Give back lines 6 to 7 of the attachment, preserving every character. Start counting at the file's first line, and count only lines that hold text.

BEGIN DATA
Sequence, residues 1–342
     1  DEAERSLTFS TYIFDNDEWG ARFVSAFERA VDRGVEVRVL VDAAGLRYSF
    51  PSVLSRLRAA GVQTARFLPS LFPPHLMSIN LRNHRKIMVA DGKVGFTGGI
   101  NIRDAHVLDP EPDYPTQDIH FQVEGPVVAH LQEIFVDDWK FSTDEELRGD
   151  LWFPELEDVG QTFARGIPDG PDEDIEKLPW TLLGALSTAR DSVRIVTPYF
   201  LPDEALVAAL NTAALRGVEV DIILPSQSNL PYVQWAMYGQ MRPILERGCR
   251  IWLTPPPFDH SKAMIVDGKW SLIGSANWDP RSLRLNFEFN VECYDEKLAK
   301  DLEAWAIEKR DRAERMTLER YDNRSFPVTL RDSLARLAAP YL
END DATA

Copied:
   201  LPDEALVAAL NTAALRGVEV DIILPSQSNL PYVQWAMYGQ MRPILERGCR
   251  IWLTPPPFDH SKAMIVDGKW SLIGSANWDP RSLRLNFEFN VECYDEKLAK